CJEU decision in Argenta: Belgian rules limiting interest deduction to the extent of dividends received
Under Belgian interest limitation rules, a deduction of interest payments is disallowed where the taxpayer receives exempt dividends from shares held by the company for less than a year. The question for the CJEU was whether the Belgian rules are compatible with the Parent-Subsidiary Directive (PSD).
In this case, the CJEU departed from the Advocate General’s Opinion and held that the Belgian provision was not compatible with Art 4(2) PSD, which grants Member States the right to deny the deduction of costs relating to holdings in a subsidiary established in another Member States. The CJEU argued that Art 4(2) PSD must be interpreted strictly. Therefore, Art 4(2) PSD must be interpreted as allowing Member States to only prevent a parent company from benefitting from a double tax advantage. CJEU decided that Article 4(2) of the PSD must be interpreted as precluding a provision of domestic law pursuant to which interest paid by a parent company under a loan is not deductible from the taxable profits of that parent company up to an amount equal to that of the dividends, which already benefit from tax deductibility, that are received from the holdings of that parent company in the capital of its subsidiary companies that have been held for a period of less than one year, even if such interest does not relate to the financing of such holdings.
With regard to the second preliminary question referred, relating to former Art 1(2) PSD, which allows Member States to refuse to grant the benefits of the Directive for reasons of preventing tax evasion and abuse, the CJEU points out that the provision reflects the general principle of EU law that any abuse of right is prohibited and that EU law cannot be relied on for abusive or fraudulent ends. But unlike the AG, the CJEU decided that Member States cannot enact anti-abuse measures that go beyond the specific anti-avoidance rule provided for in Art 4(2).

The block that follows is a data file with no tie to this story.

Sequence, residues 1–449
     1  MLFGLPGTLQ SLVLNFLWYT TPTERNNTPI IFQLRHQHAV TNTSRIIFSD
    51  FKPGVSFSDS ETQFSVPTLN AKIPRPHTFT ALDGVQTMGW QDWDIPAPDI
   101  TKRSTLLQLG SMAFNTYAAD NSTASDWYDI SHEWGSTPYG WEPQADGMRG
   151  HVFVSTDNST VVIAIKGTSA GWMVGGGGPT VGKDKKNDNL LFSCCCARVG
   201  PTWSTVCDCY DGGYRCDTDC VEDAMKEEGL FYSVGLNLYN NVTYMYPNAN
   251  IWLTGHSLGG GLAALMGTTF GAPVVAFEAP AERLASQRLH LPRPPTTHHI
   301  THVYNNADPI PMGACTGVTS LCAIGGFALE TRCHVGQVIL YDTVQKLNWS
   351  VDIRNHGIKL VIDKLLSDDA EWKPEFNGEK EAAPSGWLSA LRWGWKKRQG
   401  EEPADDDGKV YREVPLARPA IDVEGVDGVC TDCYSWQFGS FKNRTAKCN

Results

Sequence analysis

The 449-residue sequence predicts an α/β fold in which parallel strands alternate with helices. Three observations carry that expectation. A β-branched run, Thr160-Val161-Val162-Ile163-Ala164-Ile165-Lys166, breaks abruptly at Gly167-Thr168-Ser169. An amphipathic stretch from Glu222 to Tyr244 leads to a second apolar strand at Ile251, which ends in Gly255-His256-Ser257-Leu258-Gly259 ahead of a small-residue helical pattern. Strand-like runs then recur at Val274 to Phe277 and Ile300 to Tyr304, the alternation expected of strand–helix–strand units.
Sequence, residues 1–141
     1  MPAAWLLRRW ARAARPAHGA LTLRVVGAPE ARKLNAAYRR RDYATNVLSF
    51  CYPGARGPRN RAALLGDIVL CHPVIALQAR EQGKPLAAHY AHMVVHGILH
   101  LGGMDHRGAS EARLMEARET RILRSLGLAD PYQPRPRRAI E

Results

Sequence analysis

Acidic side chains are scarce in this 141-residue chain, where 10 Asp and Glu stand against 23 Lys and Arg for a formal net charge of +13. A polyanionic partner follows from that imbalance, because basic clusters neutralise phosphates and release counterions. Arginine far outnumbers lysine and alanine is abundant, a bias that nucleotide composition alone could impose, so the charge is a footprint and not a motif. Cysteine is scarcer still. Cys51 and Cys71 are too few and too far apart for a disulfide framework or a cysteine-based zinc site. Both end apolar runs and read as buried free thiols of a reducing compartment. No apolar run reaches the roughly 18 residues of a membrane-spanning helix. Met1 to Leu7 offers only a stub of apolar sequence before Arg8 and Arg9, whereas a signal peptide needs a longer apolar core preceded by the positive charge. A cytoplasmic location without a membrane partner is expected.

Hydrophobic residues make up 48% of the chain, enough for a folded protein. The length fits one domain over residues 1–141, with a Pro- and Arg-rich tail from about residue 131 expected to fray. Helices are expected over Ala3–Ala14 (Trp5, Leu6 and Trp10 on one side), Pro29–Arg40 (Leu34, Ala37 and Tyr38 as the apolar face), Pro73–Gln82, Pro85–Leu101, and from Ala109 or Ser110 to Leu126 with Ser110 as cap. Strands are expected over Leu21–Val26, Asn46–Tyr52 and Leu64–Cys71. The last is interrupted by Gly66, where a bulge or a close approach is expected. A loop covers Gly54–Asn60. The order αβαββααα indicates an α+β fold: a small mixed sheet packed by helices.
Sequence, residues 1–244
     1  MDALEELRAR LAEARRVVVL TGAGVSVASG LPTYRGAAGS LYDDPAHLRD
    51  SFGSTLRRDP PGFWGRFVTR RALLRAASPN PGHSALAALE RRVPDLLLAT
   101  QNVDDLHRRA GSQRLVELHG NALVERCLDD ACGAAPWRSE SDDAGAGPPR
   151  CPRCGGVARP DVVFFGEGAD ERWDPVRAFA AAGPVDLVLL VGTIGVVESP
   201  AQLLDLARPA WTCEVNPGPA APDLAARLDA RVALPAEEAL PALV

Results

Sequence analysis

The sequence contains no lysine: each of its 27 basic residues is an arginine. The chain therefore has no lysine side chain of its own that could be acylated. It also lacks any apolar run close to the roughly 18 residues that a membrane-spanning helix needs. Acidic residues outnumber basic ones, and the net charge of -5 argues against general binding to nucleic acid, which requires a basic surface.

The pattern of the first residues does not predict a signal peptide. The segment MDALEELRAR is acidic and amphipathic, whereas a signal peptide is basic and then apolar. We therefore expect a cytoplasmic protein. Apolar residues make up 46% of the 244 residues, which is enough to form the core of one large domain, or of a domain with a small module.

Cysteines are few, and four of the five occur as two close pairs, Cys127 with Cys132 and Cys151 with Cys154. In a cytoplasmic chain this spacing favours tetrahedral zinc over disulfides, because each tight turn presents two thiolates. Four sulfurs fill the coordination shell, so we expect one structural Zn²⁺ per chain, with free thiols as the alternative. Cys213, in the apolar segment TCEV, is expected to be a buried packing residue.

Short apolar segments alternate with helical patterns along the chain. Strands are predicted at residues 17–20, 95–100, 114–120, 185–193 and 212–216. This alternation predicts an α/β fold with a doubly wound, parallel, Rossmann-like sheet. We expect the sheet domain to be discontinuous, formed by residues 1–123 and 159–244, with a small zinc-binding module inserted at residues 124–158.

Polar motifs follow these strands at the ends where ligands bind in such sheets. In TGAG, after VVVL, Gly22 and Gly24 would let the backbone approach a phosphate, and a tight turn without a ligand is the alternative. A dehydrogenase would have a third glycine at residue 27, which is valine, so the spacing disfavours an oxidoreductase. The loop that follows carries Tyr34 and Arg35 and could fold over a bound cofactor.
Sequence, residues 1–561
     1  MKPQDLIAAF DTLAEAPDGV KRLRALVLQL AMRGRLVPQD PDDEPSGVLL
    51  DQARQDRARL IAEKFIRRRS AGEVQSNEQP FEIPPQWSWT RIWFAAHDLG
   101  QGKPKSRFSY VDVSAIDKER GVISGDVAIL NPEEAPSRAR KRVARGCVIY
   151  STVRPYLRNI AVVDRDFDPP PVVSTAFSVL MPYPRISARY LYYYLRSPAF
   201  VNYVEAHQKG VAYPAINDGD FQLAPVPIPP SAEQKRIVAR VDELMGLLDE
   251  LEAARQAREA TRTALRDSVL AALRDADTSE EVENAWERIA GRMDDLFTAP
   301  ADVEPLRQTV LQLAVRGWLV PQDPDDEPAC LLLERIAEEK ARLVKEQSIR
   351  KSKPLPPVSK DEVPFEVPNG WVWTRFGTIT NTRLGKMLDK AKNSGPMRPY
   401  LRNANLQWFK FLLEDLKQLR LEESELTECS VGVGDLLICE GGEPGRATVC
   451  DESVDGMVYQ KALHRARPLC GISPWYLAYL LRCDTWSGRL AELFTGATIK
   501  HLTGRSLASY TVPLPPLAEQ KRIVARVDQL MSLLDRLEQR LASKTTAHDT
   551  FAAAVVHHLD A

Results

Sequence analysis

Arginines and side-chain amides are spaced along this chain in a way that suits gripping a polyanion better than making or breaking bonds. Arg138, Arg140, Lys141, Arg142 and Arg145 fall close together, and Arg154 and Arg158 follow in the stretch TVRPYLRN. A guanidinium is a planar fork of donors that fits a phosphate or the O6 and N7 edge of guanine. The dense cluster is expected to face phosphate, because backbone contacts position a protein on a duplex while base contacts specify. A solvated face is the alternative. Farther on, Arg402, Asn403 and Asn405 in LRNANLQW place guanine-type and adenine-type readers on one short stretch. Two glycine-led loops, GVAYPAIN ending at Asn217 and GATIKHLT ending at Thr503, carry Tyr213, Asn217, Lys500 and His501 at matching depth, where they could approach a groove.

This article appears in the JHA November 2017 Tax Newsletter, which also features:
- Commission State Aid Enquiry – UK CFC Provisions
- 2017 Budget – Cross Border Issues
- A Oy – immediate taxation of capital gains of non-resident PE
- Advocate General finds Dutch tax consolidation regime to infringe the freedom of establishment
- Jacobs v French Minister for Finance and Public Accounts (C-327/16)
As announced in July of last year, the 2020 Budget introduces a new deferred payment plan option for Corporation Tax charged on profits or gains arising from certain transactions between UK companies and EEA companies of the same group of companies.
Reversal of Inverclyde
The 2020 Budget announced provisions to reverse last year’s FTT decision in Inverclyde. In that case, HMRC denied the appellant LLPs’ claims for Business Property Renovation Allowance on the basis that the LLPs did not carry on a business with a view to a profit.
HMRC nudge letters
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ExxonMobil: FTT Decision Released
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